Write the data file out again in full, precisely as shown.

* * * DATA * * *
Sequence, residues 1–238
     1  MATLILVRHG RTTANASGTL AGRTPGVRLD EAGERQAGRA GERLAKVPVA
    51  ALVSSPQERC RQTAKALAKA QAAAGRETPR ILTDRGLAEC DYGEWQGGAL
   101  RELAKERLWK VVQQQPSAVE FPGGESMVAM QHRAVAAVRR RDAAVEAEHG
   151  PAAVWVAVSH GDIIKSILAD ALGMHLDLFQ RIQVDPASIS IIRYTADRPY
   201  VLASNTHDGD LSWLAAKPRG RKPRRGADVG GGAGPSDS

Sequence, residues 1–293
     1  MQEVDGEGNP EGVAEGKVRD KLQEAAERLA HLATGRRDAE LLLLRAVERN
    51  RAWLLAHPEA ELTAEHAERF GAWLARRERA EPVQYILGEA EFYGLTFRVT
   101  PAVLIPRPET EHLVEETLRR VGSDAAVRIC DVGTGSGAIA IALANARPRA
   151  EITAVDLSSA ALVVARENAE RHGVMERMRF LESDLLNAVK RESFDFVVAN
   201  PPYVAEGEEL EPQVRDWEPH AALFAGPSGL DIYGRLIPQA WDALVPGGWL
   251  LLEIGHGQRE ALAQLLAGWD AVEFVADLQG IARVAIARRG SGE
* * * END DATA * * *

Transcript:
Sequence, residues 1–238
     1  MATLILVRHG RTTANASGTL AGRTPGVRLD EAGERQAGRA GERLAKVPVA
    51  ALVSSPQERC RQTAKALAKA QAAAGRETPR ILTDRGLAEC DYGEWQGGAL
   101  RELAKERLWK VVQQQPSAVE FPGGESMVAM QHRAVAAVRR RDAAVEAEHG
   151  PAAVWVAVSH GDIIKSILAD ALGMHLDLFQ RIQVDPASIS IIRYTADRPY
   201  VLASNTHDGD LSWLAAKPRG RKPRRGADVG GGAGPSDS

Sequence, residues 1–293
     1  MQEVDGEGNP EGVAEGKVRD KLQEAAERLA HLATGRRDAE LLLLRAVERN
    51  RAWLLAHPEA ELTAEHAERF GAWLARRERA EPVQYILGEA EFYGLTFRVT
   101  PAVLIPRPET EHLVEETLRR VGSDAAVRIC DVGTGSGAIA IALANARPRA
   151  EITAVDLSSA ALVVARENAE RHGVMERMRF LESDLLNAVK RESFDFVVAN
   201  PPYVAEGEEL EPQVRDWEPH AALFAGPSGL DIYGRLIPQA WDALVPGGWL
   251  LLEIGHGQRE ALAQLLAGWD AVEFVADLQG IARVAIARRG SGE